Overcriminalization and police officer safety
Some estimates show that Congress codifies more than 50 new criminal offenses a year — who do you figure is going to most often hear about that from our society’s malcontents and miscreants?
The uniformed police officer remains the most visible representative of governmental authority with whom the majority of citizens interact. As a result, local officers and deputies can readily become the symbolic target of frustration or, even worse, a lightening rod for misdirected individuals or organizations that substitute violence for political process.
Poll results reflect the frustration with all levels of government, but especially Washington. According to many surveys, a majority in our society have become disillusioned about the direction our country is taking — a large minority rejecting what they view as increasingly intrusive federal government regulation and activism. Some legal scholars, such as Philip Howard, despair at the problems associated with this regulatory growth, creating an overblown and often dysfunctional expectation of a “cult of safety” and an unprecedented expansion of federal criminal authority.
Proliferation of Federal Criminal Statutes
To compound matters, Congress has given selected federal agencies authority to establish criminal penalties for regulatory violations of what most citizens should rightly see as merely civil issues. If these regulatory “crimes” are included in the count, some experts believe that federal authorities can enforce over 300,000 criminal offenses.2
Ilya Somin, a law professor at George Mason University, notes that specialization is a natural result of this increasingly “complex legal system with so many [criminal] laws...”
As a result, more than 100,000 federal officers have found a home in a variety of departments and agencies that few would suspect of needing a specialized armed capability. This list includes the National Institute of Health, the Bureau of Reclamation, the Division of Refuge Law Enforcement, the Department of Labor, the Environmental Protection Agency, and numerous offices of Inspector General to include the Department of Education.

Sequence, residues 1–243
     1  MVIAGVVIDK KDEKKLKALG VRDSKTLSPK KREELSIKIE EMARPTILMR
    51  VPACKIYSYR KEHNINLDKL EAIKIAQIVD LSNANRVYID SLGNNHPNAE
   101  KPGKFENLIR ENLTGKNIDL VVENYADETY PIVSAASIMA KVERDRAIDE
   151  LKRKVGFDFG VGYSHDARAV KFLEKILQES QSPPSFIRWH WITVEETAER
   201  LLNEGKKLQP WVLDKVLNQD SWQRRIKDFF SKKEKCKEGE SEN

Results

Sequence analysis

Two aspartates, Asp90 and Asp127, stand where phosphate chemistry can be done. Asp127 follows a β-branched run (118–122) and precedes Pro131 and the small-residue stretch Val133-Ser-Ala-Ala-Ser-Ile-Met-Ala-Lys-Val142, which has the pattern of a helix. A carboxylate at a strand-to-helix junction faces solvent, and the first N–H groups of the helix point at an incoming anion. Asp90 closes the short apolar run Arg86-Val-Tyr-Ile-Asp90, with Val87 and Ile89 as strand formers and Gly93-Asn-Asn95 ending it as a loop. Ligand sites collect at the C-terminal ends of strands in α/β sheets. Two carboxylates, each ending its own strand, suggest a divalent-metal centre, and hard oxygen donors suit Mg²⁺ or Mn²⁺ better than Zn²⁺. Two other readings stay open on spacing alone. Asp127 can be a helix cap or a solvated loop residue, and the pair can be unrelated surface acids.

If you think this doesn’t create problems, just ask Kenneth Wright of Stockton, California. In early June of this year, Wright came downstairs at six o’clock in the morning to find what he believed to be a SWAT team at his door. What he soon learned was that the 15 officers were not local police (which, from all accounts, declined to participate in the raid), but instead armed officers from the U.S. Department of Education who were looking in the wrong place for Wright’s estranged wife.3
It’s not surprising that government at all levels routinely proscribe behavior both inside and outside the criminal code. Special interests and vocal angry citizens often pressure lawmakers to address their most abstract civil grievances with concrete criminal legislation, diluting or even eliminating the element of criminal intent in the process. Lawmakers and bureaucrats are also prone to make their personal crusades part of the public agenda. Areas that may be most susceptible to these political whims are child welfare (especially in the areas of status offenses, such as underage drinking), the environment, drug offenses, transportation, agriculture, education, and wildlife protection.
Yes, States Follow Suit
Coupled with the large number of locally-established criminal offenses it is little wonder most citizens are often bewildered at the broad mandate and scope of law enforcement authority.
This may also explain why some citizens demand an immediate law enforcement remedy to their most trifling civil complaints. Civil action just doesn’t provide the immediate satisfaction of seeing a neighbor hauled away in handcuffs for blowing snow onto the wrong driveway or failing to meet their responsibilities in a contractual agreement.
One result of overcriminalization as been that the U.S. has one of the highest incarceration rates of any modern state. One in every 100 adults is behind bars, and if you include those on parole or probation, the numbers show that one in every thirty-one is under some sort of correctional supervision, in no small part because of our so-called “war on drugs.”5
Surveys suggest that many citizens demand even more laws and stronger enforcement by both Washington and local police authorities. The hot-button issue-du-jour of illegal immigration, is but one example.
It’s unlikely that legislators will roll back the number of criminal offenses or reverse the overcriminalization trend any time soon. Lawmakers will continue to pass laws so they can look “tough on crime” while some law enforcement officials will welcome new legislation as another tool to fight crime. Regardless of the motives for new legislation, local law enforcement officers will be the first to witness and experience the reaction first-hand from our society’s malcontents and miscreants.
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